Similar considerations apply if the computers have a different structure or include equivalent units. Moreover, the concepts of the present invention are also applicable when the system has another topology or exploits equivalent services. Alternatively, two or more configuration servers are provided, each domain includes multiple pristine servers, or the pristine servers also implement the directory service.

Considering now FIG. 2, the main software components used for implementing a software distribution process in the above-described system are illustrated. The information (programs and data) is typically stored on the hard-disks of the different computers and loaded (at least partially) into the respective working memories when the programs are running. The programs are initially installed onto the hard disks from CD-ROMs.

The distribution process is controlled by a configuration manager 205 running on the corresponding server 105. The configuration manager 205 controls a repository 210 of configuration elements. Each configuration element represents a resource to be used during the distribution process; moreover, the configuration element specifies any dependency from other configuration elements. Usually, the configuration element defines a package for a corresponding (application) software product to be deployed. New configuration elements are added for virtually defining different operating systems. Each operating system element specifies properties of the operating system (such as its type and version, the required hardware platform, memory space, and hard-disk size); moreover, the operating system element points to a corresponding image on one or more pristine servers 120.

The configuration manager 205 further controls a repository 215 of reference models. Each reference model specifies the desired configuration of the target computers 110 subscribing to the reference model. For this purpose, the reference model indicates the desired target state of one or more configuration elements. The subscribers are defined by a role, which specifies a functional group of target computers 110 (for example, computers assigned to developers, secretaries, managers, and the like); the target computers 110 belonging to a generic role can be characterized either statically (for example, by means of a list) or dynamically (for example, by means of a query to be run on a specific database). A new role is added for target computers requiring the installation of an operating system (pristine computers).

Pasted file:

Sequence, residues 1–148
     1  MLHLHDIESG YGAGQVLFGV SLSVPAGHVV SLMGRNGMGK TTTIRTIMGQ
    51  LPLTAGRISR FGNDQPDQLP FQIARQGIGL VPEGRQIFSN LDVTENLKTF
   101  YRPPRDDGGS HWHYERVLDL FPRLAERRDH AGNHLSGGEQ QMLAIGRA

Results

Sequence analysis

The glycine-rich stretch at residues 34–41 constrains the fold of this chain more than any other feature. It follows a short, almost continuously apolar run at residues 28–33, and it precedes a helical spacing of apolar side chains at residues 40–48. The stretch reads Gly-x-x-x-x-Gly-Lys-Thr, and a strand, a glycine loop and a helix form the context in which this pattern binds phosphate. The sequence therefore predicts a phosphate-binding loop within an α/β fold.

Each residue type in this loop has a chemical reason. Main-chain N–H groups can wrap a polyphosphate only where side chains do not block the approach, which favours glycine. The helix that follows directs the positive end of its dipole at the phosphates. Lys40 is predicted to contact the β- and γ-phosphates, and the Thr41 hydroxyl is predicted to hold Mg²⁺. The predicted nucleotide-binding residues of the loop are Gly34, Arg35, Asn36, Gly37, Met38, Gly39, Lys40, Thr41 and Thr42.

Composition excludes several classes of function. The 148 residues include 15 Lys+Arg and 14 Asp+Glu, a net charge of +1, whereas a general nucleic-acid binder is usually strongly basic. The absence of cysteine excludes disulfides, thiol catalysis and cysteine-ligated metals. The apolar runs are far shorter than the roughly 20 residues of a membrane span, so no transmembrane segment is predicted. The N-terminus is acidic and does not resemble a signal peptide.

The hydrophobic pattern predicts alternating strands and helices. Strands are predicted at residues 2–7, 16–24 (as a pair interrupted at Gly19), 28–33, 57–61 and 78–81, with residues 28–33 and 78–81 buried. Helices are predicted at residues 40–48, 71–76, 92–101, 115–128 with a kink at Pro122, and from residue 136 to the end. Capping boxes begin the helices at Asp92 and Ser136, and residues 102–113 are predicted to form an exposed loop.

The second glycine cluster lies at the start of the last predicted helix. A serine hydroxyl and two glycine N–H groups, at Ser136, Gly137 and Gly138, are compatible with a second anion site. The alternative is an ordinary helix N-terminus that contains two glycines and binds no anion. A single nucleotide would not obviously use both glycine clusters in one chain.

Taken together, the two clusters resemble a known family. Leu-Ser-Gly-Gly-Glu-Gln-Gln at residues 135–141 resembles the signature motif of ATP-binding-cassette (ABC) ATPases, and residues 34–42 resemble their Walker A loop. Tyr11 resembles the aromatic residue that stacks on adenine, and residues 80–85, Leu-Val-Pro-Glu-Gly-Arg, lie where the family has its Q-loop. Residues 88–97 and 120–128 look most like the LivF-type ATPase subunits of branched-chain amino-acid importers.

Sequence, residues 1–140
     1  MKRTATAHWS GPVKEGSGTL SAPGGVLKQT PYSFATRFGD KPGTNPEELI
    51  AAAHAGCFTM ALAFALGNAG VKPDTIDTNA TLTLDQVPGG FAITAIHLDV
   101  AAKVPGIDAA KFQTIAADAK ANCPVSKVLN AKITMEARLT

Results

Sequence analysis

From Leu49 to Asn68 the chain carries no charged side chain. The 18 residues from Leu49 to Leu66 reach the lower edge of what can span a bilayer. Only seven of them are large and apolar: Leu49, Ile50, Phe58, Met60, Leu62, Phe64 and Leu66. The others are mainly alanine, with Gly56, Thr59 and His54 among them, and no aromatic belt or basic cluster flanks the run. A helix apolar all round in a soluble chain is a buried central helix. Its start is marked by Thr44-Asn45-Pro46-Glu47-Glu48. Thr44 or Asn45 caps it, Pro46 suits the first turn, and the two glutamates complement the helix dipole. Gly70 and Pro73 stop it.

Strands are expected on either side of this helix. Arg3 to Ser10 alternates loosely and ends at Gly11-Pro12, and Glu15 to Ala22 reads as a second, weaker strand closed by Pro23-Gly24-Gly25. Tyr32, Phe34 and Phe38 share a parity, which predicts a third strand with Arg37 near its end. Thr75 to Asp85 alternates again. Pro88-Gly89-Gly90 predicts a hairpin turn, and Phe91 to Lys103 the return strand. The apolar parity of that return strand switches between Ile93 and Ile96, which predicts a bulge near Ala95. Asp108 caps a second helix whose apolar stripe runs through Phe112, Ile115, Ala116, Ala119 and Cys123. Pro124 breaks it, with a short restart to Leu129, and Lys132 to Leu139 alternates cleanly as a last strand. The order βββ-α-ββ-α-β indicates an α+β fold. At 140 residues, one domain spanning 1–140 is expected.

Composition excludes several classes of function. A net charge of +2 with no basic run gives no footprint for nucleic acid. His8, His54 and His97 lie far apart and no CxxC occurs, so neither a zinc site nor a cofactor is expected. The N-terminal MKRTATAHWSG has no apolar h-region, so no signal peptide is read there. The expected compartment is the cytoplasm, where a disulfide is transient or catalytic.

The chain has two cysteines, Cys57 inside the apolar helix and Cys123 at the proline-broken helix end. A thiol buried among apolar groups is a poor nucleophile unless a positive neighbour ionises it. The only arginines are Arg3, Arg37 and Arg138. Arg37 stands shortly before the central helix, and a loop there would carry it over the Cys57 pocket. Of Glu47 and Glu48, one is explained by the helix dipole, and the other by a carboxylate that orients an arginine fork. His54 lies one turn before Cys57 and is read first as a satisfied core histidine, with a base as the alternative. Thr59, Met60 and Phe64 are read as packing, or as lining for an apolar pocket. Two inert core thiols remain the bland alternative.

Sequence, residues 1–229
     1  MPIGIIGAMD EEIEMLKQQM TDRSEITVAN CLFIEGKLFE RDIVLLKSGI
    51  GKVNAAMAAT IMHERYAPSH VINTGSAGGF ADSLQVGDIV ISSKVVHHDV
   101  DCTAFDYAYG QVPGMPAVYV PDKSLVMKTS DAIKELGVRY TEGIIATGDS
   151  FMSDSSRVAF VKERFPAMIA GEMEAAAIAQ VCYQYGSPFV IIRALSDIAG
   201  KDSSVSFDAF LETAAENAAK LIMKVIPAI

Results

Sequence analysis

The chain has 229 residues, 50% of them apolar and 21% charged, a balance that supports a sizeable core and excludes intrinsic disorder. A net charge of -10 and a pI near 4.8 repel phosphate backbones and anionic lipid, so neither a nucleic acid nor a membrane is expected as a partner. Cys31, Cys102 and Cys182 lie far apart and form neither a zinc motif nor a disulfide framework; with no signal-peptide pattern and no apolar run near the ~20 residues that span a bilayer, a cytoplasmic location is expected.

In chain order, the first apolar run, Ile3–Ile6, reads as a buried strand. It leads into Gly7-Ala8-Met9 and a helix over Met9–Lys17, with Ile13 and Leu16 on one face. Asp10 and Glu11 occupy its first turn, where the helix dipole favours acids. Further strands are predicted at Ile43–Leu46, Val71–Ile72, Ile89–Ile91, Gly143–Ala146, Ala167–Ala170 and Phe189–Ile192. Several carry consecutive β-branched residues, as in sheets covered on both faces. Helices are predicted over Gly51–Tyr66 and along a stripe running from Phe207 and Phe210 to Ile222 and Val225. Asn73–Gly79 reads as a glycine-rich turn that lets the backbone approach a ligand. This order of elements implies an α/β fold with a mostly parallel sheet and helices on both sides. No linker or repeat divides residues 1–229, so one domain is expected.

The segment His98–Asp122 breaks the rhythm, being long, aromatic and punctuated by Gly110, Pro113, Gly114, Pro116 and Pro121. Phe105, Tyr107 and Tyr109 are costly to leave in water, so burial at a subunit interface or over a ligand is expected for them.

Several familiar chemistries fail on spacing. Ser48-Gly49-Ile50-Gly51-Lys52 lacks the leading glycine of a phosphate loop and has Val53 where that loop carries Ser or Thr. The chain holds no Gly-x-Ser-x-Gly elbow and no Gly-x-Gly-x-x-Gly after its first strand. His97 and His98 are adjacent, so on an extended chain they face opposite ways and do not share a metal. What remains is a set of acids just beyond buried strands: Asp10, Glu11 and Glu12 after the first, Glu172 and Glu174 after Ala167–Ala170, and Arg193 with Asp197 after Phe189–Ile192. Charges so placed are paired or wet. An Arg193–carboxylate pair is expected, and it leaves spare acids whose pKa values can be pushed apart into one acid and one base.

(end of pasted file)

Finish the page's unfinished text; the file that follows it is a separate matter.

A database 220 stores information about all the target computers 110 of the system. Usually, the target database 220 defines the computers, referred to as endpoint computers, which can be managed by the server 105. Each endpoint computer is identified by different properties (such as an owner, a serial number, a network address) and its current (hardware and software) configuration. The endpoint computer must be provided with a configuration agent 222 running in the background; all the endpoint computers currently active in the system are logged in an endpoint manager 224.

Each pristine server 120 is also configured as an endpoint computer; for this purpose, the configuration agent 222 is installed so as to allow the pristine server 120 to be controlled from the configuration server 105.